A new enterprise?? If you mean the mention about the novel I’ve been writing forever–it’s “On” again, a last ditch effort to save my fast draining sanity. But it’s slow-going–and the blog poetry (and interactions) is a lovely distraction; I lack discipline, so…..I wouldn’t hold my breath if I were you, dear Cynthia!

  5. I enjoyed reading this while listening to you. That was fun! I liked the entire poem, especially the part about the guru. 🙂

  6. A smile is not just a smile, there really are so many smiles, with so many meanings behind them. The way a smile is formed is as much displayed body language as the direction someone crosses their legs, folds their arms, or what direction their eyes turn when answering a question. Body language, and the tone of voices is a favourite subject of mine! 🙂 I love the way you have said that guru peered with his half lidded eyes, mm… I can see him very clearly, that immediately gives a lot away about a personality!! 😉

    And what a great reading Cynthia, so good to hear your confident spoken word! 🙂 It does help the reader identify with the writer a lot, such a simple way to connect everyone a little more on these blogs with so many miles between us all – and now you are in my living-room!

    And there was me feeling bad that I’m so behind with the reading of a lot of posts this week, but it seems I’m on time for yours after all. So what happened to your original post? I can’t imagine losing an entire post with all the comments too – I’d be mortified!

    Going back to those smiles – you’re absolutely right in saying the ‘best are those not in the teeth
    but in love-sparkled eyes’ – definitely the kind of smile I love to see, and I’ve yet to find anyone who can fake it! 🙂

    • Like you, I find body language very interesting–a gesture, a way of sitting, standing, walking, holding the head– these are manifestations of spirit, aren’re they? I’ m glad the reading met with your approval; after hearing your own lovely reading aloud, I know you understand how fraught with little dangers that is! Like you, I used a small inexpensive recorder and uploaded it to my laptop. But I am not so lucky as you are, to have a computer-savvy brother, so I ran into trouble somewhere along the line and succeeded in obliterating my whole post after hours of frustrating trials and errors!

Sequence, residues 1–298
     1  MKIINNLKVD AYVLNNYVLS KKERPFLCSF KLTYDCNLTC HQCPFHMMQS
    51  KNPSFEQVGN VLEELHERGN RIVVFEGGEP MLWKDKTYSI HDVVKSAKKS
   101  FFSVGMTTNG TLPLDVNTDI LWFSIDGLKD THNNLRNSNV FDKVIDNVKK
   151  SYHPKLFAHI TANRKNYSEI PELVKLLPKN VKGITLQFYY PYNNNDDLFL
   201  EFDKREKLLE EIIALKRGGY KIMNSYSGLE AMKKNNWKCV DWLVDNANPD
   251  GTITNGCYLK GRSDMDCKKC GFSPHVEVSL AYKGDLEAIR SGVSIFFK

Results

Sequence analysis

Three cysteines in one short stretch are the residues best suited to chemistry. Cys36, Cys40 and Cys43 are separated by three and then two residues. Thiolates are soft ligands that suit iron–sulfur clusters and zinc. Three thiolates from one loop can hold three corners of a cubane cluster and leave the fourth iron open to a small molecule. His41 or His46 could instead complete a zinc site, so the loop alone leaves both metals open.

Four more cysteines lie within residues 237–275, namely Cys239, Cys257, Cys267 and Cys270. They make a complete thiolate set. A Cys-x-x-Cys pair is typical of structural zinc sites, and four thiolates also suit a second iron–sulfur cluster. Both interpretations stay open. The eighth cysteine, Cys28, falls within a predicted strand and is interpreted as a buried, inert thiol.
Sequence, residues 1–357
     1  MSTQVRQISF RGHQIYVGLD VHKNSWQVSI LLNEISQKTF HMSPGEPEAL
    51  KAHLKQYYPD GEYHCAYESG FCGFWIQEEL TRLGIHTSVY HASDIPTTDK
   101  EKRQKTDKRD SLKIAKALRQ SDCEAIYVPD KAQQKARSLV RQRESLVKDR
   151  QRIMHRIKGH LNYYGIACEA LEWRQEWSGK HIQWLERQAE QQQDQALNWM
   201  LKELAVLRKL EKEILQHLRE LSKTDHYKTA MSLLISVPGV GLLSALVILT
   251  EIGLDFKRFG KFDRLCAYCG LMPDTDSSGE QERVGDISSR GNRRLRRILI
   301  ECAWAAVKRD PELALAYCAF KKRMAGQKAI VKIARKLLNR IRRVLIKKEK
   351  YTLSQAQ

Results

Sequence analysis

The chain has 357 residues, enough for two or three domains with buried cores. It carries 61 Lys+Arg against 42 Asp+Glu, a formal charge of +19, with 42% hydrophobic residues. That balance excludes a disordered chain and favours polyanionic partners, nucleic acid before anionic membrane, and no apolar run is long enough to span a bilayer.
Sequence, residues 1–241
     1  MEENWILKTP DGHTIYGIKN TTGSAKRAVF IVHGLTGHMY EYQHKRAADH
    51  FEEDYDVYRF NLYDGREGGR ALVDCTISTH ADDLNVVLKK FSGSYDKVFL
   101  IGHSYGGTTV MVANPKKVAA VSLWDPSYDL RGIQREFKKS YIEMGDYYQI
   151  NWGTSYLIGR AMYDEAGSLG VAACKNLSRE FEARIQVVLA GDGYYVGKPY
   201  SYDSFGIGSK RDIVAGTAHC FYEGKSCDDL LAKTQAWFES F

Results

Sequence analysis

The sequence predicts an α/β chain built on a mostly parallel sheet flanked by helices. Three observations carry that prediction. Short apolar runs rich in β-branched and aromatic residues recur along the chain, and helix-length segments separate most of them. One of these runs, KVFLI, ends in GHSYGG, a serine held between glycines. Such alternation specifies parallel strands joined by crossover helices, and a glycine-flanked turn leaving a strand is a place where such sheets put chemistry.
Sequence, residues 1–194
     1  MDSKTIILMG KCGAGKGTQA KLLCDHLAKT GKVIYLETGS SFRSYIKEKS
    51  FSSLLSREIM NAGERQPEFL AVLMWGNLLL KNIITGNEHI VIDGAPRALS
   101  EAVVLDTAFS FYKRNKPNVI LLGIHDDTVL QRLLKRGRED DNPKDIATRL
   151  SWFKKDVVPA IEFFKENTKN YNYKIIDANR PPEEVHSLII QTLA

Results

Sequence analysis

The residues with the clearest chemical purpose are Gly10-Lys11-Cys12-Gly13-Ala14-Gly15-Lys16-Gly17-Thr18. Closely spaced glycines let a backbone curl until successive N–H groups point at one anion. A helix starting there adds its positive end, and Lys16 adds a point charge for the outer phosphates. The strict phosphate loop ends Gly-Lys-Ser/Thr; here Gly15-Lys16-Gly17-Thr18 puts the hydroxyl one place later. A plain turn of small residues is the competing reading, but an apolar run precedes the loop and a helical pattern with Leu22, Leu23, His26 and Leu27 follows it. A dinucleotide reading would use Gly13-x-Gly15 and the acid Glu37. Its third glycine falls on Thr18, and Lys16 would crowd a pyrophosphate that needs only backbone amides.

In the end, it all worked out, and wondrously, even blogging friends came back to re-post comments–above and beyond the call of duty. What you say about my being in your living room makes me smile…with my eyes, of course! Thanks, Suzy!

    • I agree, “eccedentesiast” is not easy even for me to pronounce. And I love your comment about the reading. That is my voice, but it’s been a long, long time since “damsel” and I were in the same sentence. Thank you, Ramu!

  7. I loved reading this, Cynthia, and enjoyed hearing it. The particular form lends itself to the whimsical, jaunty tone that is half serious, almost comic, and thoroughly delightful. There is a lot of cleverness here. May favorite is the stanza about the guru, who…
    peered with his half-lidded eyes
    much like a crocodile
    and sized me up and finally said:
    when things are at their worst,
    you’ll make them simply tastier
    by simply smiling first.
    Aren’t all gurus like that, much like [a] crocodile sizing you up for whatever razamataz they are ready to cook into your brain?
    What makes the entire poem work, though, is the switch in the last stanza from teasing and cleverness to wisdom, recalling Robert Frost’s old maxim that a poem should begin in delight and end in wisdom:
    So many kinds of smiles there are
    that damn or euphemize,
    yet best are those not in the teeth
    but in love-sparkled eyes.
    Ah, to be young still when eyes could sparkle love, and the universe was not quite as jaunty a romp as a poem that moves from lighthearted cynicism to full blown romanticism as smiley faces shine down on the red, yellow, and orange tulips blooming in my neighbor’s yard.

    • Now that last paragraph of yours is a humdinger, and proof you must still be capable of sparkly eyes, I think. As always, I thoroughly enjoyed your detailed and attentive reading!

  8. Hi Cyn,
    I loved hearing you read this poem. It just added so much to its powerful message. I loved that last line. Of course, I’m Irish and have to mention when Irish eyes are smiling, then all shall be well with the world. , every good thing shall be well.

    • Hello! I was just over to your blog enjoying your repost of The Chaos…..I don’t get a chance to check more than a regular set of blogs each day, so it’s nice to know that when I see you pop into my in-box I’m in for a treat–if not one of your own posts, then surely something I will find interesting–usually about our wonderful language. It pleases me that you like this “smiley” post, as you are a connoiseuse of both written and spoken English. Thank you! 🙂

  9. I loved hearing your reading. You have a great sardonic tone which is a perfect counterpoint to the “smile style” that you dissect so trenchantly.

    • I am sitting here incredulous….what a fantastic gravatar image, Natalie! Was that snapped during one of your many transatlantic crossings? A soirée, perhaps, with the litterati and the glitterati? And at whom are you looking askance? I always treasure your visits, but this one is definitely the cat’s pajamas……..You’ve made my day!